Institutional investors knew this day would come, but not so soon and not at as quick a pace.
After years of persistent low interest rates and correspondingly low corporate and Treasury bond yields, the 10-year Treasury bond yield surpassed 2% intraday on Jan. 28. If sustained (it was 2.02% on Feb. 1), that could alter everything from discount rates and funding to asset allocations.
The yield on the benchmark 10-year Treasury was last above 2% in April 2012.
The move is welcome news for corporate pension executives and other institutional investors because the corporate bond yields used to calculate discount rates are rising too.
And if yields — and interest rates overall — continue to rise, the number of corporate defined benefit plans transferring pension risk by buying group annuity contracts to cover future benefit obligations or making lump sum distributions from the plan could also increase, insiders say.
“Discount rates, which are based on corporate and not Treasury rates, are up. This means you are dividing by higher a number, which is good,” said Matthew E. Stroud, head of strategy and portfolio construction in the New York office of Towers Watson Investment Services Inc.
“Pension fund financial health ... would be stronger,” he said. “Assets up and liabilities down a little bit puts pension plans in a stronger position, all else being equal.”
Sean Brennan, principal in the financial strategy group, Mercer, New York, noted that liabilities have not dropped as much lately as they typically would have during a recovery. Often, when interest rates rise, liabilities will go down, he said.
“Liabilities have come down some; however, since credit spreads tightened, they didn't come down as much,” he said. “Treasuries and credit spreads have been partially offsetting each other recently in terms of corporate discount rates.”
Since the end of 2012, Treasury yields rose more than spreads tightened, Mr. Brennan said.
Indeed, in 2012, liabilities of corporate defined benefit plans rose 10% because interest rates fell, even though returns on assets for the year were 12.86%, according to data from Norwalk, Conn.-based consulting firm Rocaton Investment Advisors.
Not an aberration
Some investment strategists do not think the current uptick in Treasuries is an aberration but the beginning of a sustained increase in interest rates. Rocaton expects interest rates to continue to rise, with the 10-year bond yield edging up to around 5% in five years.
Rising interest rates could cause an upsurge in the number of corporate pension risk transfers, said Joseph Nankof, consultant and partner at Rocaton.
“Rising rates for any plan sponsor that believes rates will be higher than they are today would make it more attractive to pursue the lump sum or annuity purchases,” he said.
Higher rates would result in lower costs. Plan sponsors would rather wait for rates to rise because their pension plans would pay less, Mr. Nankof said. On the investment side, nobody is suggesting that investors redo asset allocations just yet. If the movement persists, that could affect some plans' asset allocations. For one thing, the prevailing view of a low-yielding economic environment has led investors to look to real assets and private credit to fill in a portion of the spot that used to be taken up by fixed income.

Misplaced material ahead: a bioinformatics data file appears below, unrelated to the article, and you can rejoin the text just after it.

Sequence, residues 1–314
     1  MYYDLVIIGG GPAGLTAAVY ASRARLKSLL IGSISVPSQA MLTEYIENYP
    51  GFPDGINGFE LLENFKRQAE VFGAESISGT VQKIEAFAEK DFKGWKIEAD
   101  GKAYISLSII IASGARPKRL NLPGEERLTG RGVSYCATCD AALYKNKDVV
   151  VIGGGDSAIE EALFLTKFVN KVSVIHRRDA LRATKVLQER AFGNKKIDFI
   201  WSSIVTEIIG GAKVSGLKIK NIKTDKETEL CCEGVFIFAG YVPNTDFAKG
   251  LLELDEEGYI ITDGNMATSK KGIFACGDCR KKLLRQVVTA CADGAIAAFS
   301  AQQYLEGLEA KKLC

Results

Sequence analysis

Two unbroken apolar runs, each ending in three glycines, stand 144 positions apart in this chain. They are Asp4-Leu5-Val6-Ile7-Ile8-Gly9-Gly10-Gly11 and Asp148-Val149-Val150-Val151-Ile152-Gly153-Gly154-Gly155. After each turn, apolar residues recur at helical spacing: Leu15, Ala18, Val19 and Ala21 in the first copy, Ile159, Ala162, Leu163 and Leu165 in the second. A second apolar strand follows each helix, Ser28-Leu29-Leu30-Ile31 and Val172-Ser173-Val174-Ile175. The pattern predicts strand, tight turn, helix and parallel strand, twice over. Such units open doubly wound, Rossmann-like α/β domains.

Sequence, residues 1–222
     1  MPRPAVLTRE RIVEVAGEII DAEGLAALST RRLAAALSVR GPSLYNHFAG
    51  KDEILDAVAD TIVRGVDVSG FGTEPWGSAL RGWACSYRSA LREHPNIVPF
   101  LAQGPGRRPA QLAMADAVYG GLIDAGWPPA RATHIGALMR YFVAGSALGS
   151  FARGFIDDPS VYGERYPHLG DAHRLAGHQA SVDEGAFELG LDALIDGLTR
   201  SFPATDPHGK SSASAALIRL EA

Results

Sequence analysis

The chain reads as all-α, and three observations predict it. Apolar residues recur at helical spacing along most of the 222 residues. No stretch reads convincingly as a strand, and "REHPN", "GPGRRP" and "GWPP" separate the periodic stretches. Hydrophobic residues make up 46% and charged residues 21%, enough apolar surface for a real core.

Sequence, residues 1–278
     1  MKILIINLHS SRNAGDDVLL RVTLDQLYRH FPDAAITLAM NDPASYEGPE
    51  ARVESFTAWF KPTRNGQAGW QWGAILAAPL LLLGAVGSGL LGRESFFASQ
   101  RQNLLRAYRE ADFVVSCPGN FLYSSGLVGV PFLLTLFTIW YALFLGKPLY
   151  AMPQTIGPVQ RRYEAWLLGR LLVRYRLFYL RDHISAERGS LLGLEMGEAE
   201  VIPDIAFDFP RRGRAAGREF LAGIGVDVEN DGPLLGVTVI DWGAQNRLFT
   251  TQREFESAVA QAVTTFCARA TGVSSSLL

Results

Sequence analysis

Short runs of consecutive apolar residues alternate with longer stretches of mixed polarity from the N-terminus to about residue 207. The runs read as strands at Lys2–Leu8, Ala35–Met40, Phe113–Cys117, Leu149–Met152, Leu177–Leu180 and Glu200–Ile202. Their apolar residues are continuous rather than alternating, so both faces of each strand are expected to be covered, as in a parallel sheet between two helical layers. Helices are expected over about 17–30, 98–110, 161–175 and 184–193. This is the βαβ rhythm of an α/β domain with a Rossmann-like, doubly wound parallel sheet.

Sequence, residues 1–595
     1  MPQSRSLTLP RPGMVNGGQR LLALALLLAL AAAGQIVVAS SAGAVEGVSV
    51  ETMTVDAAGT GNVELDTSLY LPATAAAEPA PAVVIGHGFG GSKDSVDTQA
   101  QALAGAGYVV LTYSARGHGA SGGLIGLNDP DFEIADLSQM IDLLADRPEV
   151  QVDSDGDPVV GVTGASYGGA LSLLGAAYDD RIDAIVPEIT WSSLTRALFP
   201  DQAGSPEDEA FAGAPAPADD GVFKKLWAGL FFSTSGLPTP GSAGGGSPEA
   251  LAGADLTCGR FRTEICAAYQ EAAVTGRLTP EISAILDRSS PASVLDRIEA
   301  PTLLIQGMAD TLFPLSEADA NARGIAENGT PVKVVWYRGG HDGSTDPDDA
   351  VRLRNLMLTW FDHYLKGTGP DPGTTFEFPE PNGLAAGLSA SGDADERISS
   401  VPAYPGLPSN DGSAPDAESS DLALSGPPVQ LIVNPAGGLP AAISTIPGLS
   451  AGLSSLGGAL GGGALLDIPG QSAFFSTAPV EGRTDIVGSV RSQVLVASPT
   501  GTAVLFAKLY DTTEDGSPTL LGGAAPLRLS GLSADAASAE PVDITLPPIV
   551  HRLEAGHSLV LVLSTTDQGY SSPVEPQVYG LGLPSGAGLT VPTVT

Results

At the same time, pension plan portfolios had double-digit returns in 2012, with equities in the lead, Mr. Stroud said.
Still, Towers Watson officials don't see the movement in the 10-year Treasury changing the big picture for pension funds' asset allocations, because “the cash rate is nailed to the floor and so sitting in cash is not an option because yields are zero,” Mr. Stroud said.
So, the increase in the U.S. Treasury rate is a good rationale for hedging liabilities to enable risk in other parts of the portfolio because long-term bond rates — while up — are still low.
Indeed, the timing and speed of the increase in rates came as a surprise to many, at least according to annual surveys taken by Towers Watson of about 150 industry executives including money managers and economists.
Survey respondents indicated they expected interest rates to rise in 2010 and again in 2011. By the 2012 survey, respondents were not so sure, he said.
“We expected interest rates would rise anyway, but it is a little faster than we and others thought,” Mr. Stroud said. “How much faster ... we will see at (first) quarter's and year's end.”
In a showing of how fickle economic recovery can be, gross domestic product datareleased Jan. 29 showed that the economy was shrinking for the first time since the Great Depression.
Even so, if the economic recovery persists and defined benefit plans' funded status continues to improve, some pension plans could move more assets into fixed income, Mercer's Mr. Brennan said. “Funded status improved subtly and if it persists, pension funds could improve further and may look to transition more assets to fixed income.”
Rocaton's Mr. Nankof said the rise in Treasuries cemented some corporate pension executives' views that interest rates “are poised to rise and it is not a great time to pour money into long bonds.”
Instead, they are considering higher-returning investment options including replacing long-duration bonds with shorter ones that are less susceptible to rising rates.
Those willing to take on the risk are investing in equities, Mr. Nankof said. Another, newer possibility is investing in middle-market direct lending, which adds credit and illiquidity risk but “offers considerably higher returns than core fixed income and long bonds and not as much risk as equities.”
This article originally appeared in the February 4, 2013 print issue as, "Yield hike has investors anticipating a new dawn".